Until you gave the adenosine 2A antagonist. When the authors blocked these receptors, they restored the rhythm of the corticoterone, it was now low in the morning (the light grey bar) and high at night.

So it looks like adenosine 2A receptors in the hippocampus are very important in the long term effects of stress. Chronic stress in development increased the 2A receptors in the hippocampus and produced a lot of biological and behavioral changes, but giving a 2A antagonist long-term could set the behaviors and biology right again.

What hit me at once about this paper was the phrase “adenosine 2A antagonist”. There’s a good reason for this, the most well known adenosine 2A antagonist is caffeine! So it makes me wonder if, in some situations, caffeine might be able to help combat the effects of developmental stress. I always knew drinking coffee was relaxing…

Of course, it’s actually going to be far more complicated. Caffeine’s interactions with adenosine 2A receptors are much more varied than another antagonist might be. So caffeine itself may not be the answer. But it DOES open up interesting ideas of new ways to treat chronic stress. Caffeine may not work (though who knows, it might), but could a specialty 2A antagonist help humans with messed up HPA activity? While I showed you high corticosterone in rats, humans with anxiety disorders and depression often have high cortisol levels (the matching human hormone), not to mention the symptoms of depression and anxiety. Could the 2A antagonist (or maybe a little caffeine) end up helping these symptoms in the long term? It seems a little odd, as caffeine in a single dose usually increases anxiety rather than the opposite. But it could be that adenosine 2A antagonists could make a different, maybe long term or in different doses. In the meantime, I’m taking it as just another reason to drink coffee.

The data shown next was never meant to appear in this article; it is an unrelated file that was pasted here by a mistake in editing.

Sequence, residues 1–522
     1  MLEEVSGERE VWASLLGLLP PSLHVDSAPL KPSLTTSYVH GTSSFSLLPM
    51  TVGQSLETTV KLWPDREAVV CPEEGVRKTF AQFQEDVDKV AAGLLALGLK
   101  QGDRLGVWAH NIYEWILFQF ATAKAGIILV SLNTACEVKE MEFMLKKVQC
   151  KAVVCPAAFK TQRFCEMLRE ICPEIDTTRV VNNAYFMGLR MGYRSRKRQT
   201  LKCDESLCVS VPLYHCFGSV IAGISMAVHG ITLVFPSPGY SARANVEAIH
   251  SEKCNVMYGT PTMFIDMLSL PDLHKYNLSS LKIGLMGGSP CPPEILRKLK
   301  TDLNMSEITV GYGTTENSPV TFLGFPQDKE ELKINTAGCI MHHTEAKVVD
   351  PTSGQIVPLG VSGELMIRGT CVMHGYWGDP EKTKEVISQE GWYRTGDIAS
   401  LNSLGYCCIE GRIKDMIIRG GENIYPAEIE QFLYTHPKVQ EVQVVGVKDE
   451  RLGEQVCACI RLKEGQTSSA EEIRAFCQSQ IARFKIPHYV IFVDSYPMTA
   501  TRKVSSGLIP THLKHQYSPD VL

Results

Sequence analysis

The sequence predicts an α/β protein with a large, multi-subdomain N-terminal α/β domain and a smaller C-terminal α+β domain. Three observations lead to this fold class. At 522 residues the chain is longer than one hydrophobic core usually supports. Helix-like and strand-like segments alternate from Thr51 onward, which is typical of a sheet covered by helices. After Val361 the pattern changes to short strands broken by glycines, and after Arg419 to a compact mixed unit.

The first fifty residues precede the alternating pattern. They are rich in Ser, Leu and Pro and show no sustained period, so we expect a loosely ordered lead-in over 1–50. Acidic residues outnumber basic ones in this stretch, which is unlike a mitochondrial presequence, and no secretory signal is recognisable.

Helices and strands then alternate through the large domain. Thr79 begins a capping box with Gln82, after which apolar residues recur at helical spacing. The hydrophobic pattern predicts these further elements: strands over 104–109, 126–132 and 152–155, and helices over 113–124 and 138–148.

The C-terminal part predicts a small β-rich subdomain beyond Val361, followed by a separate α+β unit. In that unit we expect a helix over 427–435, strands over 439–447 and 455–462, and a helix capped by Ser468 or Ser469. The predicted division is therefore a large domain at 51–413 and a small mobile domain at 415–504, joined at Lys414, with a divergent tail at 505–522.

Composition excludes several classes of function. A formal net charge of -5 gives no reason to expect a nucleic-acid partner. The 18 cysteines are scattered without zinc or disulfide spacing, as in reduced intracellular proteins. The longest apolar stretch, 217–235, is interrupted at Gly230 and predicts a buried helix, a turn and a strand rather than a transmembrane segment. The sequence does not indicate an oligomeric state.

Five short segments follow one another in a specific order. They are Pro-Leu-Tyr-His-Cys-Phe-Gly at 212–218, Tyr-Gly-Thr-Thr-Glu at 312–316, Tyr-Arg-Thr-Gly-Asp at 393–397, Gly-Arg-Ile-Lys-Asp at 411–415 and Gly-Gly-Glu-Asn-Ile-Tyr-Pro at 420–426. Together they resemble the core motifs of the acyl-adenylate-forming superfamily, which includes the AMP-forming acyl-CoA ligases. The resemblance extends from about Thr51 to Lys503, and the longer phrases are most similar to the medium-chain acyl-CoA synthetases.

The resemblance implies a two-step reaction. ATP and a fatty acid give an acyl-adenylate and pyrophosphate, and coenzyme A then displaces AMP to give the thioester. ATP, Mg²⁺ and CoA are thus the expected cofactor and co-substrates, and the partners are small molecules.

Batalha, V., Pego, J., Fontinha, B., Costenla, A., Valadas, J., Baqi, Y., Radjainia, H., Müller, C., Sebastião, A., & Lopes, L. (2012). Adenosine A2A receptor blockade reverts hippocampal stress-induced deficits and restores corticosterone circadian oscillation Molecular Psychiatry, 18 (3), 320-331 DOI: 10.1038/mp.2012.8

 

Scicurious About the Author: Scicurious is a PhD in Physiology, and is currently a postdoc in biomedical research. She loves the brain. And so should you. Follow on Twitter @Scicurious.

The views expressed are those of the author and are not necessarily those of Scientific American.





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  1. 1. PatriciaJH 10:26 pm 06/12/2013

    You’re aware of the recent HSPH study, showing 20% reduced risk of depression in women drinking four or more cups of coffee/day, yes?
    http://archinte.jamanetwork.com/article.aspx?articleid=1105943

    Link to this
  2. 2. bucketofsquid 1:25 pm 06/28/2013

    Caffeine may help some people but it also has a number of known bad effects as well. Just as people with no depression shouldn’t take anti-depressants, people with normal adenosine 2A receptors should probably avoid caffeine.

    Link to this